He was a fiercely ambitious youngman, intent on making loads of money and breaking free from the tenacious clutch of want. He resented his papa, who was too contented for his liking, but his mama was his heroin; she was the antithesis of her husband.
Shana did nothing in life without stopping to consider whether or not it was a lucrative venture. His mama was from Eastern Nigeria, so his dogged quest for the bills wasn’t considered the least bit unusual. Shana could do anything for money except swindling, stealing and killing and that was because he was always careful not to allow his desire for money degenerate into avarice.
The youth corps member was a keen mind, smart, enterprising and perhaps cunning and handsome too. He appeared even more handsome in his slinky dark suit -which perfectly molded his well-built frame- as he waited in the marriage registry on Fodio road to be hitched up with chioma, a fellow corps member.
They first meet at the sokoto NYSC orientation camp Farufaru two months back. What struck Shana about Chioma was not her beguiling beauty, not her curvaceous nubile body or her comely face. It was the simple fact that he saw a likeness of himself mirrored in her, that which drew him to her like metal to magnet.
It was quite easy for Shana and Chioma to get talking and become great friends as they were of like minds; both go-getters and very ambitious, neither of them interested in romance but okay with platonic relationships. It was while they were on camp that the idea of a phony marriage was bred and hatched.
Shana had been the one who suggested they fake marriage and receive the five hundred thousand naira grant the NYSC gave to serving corps members who get married during the service year. Chioma needed no prompting; she was already down with the idea even before Shana explained how they would go about executing it. They both agreed to do it discreetly. Neither of their families was to know until perhaps when the money was paid. Only few people witnessed this sham union. The marriage registrar, two witnesses picked from the street, two area inspectors of the NYSC and handful corps members.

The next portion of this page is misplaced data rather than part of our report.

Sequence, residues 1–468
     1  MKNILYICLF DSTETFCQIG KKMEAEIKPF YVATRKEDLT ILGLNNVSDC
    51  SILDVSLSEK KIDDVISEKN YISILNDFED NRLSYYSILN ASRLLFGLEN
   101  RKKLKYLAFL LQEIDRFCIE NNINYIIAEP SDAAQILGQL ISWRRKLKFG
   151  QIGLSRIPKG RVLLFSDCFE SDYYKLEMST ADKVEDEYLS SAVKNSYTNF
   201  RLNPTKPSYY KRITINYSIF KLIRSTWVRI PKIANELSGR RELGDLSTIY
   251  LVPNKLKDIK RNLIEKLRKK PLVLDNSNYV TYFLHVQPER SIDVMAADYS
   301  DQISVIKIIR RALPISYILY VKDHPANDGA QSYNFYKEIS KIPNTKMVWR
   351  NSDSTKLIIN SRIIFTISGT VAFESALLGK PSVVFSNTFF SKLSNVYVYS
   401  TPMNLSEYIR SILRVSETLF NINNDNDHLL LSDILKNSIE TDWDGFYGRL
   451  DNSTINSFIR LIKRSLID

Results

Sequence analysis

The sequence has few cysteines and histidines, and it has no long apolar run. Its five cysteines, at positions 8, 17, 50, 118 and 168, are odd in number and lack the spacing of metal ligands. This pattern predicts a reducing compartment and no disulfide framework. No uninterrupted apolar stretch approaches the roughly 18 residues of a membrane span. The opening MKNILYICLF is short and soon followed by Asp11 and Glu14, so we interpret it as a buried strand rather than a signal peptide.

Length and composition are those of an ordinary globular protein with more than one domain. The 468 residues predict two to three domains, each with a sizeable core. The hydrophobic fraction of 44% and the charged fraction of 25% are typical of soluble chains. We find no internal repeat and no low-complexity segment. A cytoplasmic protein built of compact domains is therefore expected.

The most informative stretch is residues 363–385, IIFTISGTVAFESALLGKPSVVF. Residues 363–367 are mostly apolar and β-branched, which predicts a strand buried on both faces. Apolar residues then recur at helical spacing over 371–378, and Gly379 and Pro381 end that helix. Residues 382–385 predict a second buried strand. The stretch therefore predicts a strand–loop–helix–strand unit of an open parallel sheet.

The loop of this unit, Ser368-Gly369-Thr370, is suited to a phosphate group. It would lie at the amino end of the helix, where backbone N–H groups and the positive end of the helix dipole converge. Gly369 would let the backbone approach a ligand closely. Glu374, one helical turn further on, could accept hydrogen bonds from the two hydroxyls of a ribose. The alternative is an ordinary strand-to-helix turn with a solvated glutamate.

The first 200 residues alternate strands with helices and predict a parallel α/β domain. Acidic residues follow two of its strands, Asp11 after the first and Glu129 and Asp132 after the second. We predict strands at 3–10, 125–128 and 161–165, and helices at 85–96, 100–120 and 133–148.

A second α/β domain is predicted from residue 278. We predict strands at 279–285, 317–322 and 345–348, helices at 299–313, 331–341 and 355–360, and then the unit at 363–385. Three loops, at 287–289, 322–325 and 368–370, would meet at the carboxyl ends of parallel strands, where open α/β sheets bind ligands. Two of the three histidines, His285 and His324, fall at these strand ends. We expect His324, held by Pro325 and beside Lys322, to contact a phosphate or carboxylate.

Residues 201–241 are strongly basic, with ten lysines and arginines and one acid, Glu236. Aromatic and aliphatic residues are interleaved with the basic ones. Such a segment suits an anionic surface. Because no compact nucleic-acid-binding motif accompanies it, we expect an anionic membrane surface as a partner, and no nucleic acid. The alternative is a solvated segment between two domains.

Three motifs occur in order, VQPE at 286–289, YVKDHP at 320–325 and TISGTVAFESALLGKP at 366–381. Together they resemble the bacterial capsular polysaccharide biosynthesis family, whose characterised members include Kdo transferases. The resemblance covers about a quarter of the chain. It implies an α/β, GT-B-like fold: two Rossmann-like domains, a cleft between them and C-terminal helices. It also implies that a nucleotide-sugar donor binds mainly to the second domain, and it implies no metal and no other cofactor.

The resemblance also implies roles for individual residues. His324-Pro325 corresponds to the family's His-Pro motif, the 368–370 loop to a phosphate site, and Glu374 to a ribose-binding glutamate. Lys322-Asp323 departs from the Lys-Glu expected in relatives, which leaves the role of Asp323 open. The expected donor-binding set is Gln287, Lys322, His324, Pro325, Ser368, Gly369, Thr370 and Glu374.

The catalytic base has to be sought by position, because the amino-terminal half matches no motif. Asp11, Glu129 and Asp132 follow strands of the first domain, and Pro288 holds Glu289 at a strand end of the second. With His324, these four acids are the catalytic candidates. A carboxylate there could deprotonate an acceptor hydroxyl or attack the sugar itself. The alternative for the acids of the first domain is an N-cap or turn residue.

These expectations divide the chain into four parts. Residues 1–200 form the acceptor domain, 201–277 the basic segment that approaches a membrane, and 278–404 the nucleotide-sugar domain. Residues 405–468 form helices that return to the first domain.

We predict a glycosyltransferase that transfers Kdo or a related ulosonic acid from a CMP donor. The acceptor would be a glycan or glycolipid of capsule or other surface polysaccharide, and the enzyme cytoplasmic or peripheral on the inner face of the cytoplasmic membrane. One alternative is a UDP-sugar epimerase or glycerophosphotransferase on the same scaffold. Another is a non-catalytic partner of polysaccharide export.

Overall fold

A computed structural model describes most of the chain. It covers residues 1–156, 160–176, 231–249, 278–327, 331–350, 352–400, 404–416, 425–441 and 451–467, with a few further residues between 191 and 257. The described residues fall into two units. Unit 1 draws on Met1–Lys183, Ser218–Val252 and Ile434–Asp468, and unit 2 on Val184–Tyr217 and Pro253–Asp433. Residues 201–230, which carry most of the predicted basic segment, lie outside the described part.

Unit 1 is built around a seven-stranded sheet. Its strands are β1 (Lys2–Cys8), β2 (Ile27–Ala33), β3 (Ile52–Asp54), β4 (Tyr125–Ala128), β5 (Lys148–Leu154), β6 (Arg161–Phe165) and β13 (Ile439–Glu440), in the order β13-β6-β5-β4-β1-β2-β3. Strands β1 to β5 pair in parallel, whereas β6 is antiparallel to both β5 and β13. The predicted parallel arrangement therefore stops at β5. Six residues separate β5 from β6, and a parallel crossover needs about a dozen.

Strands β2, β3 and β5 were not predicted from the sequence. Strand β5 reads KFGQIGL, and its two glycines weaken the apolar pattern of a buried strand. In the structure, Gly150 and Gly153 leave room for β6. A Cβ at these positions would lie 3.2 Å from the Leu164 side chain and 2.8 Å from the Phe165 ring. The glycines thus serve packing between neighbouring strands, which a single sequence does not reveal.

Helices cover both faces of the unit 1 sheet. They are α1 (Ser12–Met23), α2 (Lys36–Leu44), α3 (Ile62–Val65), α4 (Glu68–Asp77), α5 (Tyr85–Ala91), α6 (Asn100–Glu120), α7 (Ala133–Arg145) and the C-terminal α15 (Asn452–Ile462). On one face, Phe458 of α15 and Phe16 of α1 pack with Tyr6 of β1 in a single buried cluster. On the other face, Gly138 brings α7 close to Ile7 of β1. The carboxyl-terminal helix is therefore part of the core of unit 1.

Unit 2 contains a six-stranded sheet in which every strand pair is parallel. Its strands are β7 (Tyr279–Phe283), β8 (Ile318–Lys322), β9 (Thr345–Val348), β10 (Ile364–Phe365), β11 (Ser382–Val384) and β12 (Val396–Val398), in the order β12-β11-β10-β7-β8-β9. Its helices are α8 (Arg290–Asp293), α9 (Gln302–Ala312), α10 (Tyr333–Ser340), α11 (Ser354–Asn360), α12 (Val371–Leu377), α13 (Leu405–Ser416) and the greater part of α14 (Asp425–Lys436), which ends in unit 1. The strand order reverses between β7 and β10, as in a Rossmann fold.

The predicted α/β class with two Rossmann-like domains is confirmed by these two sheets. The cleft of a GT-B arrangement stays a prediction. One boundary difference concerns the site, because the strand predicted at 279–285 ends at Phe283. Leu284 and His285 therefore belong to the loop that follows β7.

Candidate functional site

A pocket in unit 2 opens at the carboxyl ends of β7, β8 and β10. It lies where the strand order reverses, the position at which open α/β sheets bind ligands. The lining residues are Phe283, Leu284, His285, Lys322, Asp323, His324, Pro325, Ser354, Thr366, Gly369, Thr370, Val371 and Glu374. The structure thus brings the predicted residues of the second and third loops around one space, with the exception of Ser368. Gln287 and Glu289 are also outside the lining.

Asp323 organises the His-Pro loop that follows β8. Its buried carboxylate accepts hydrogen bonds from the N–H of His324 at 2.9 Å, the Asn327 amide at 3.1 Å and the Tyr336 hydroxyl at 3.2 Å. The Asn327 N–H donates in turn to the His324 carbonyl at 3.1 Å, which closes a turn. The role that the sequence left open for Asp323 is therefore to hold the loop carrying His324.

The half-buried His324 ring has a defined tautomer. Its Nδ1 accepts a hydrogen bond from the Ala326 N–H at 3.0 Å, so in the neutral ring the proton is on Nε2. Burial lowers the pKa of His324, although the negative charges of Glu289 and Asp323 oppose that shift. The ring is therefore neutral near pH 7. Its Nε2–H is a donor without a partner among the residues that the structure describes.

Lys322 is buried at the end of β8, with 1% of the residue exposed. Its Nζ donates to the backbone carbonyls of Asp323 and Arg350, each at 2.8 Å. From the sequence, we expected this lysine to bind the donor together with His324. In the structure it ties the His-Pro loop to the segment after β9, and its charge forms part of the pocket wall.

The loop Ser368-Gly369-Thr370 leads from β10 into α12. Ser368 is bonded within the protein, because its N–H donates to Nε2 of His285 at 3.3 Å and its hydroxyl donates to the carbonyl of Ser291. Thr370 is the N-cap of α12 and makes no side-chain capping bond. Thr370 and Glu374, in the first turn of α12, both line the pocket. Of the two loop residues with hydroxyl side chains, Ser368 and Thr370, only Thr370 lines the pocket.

When Chioma thought about the day of her wedding, it was always conducted in a splendorous cathedral, with huge stained glass windows, pretty frescoes by Michelangelo and life size sculptures by Giovanni Lorenzo Bernini and never once envisaged wedding in a cramped dusty court room, with broken window panes, a leaky roof and fans that never worked. She always pictured herself in a white gown, with fitting bodice and lace trimmings, but not her present ensemble – dowdy cream satin gown and a mismatched pair of stiletto. But the money involved was staggering, she could have wedded in rags, in a hole without qualms.
“The marriage isn’t a real one,” Chioma kept reminding herself. She could still live her life as she pleased. The only thing she was expected to do was to act married a few times and split five hundred thousand naira with her supposed husband, then divorce after a year or so. That was THE DEAL.
What Chioma didn’t anticipate was, she would have to act married most times because, she was reposted from her place of primary assignment in Kuchi, Kebbe local government area to Sokoto town shortly after their marriage and to the same school that was Shana’s place of Primary Assignment. The idea was to bring the newlywed together. They were both offered a furnished two room apartment by the school and the one room accommodation that had earlier been offered Shana was revoked, much to their chagrin.
At first Chioma insisted they shared the household chores but was soon to realize Shana was no good in that department. He couldn’t even cook an egg, not to mention sweeping, scrubbing, washing dusting and mopping. In the end, she resigned herself to doing the house keeping solo. Two hundred and fifty thousand naira was worth doing a lot for.
Shana had come to appreciate Chioma in many ways as they stay together. She wasn’t only dutiful, intelligent, smart, beautiful and charming. She was also a good cook and each day, he looked forward to her delectable meals.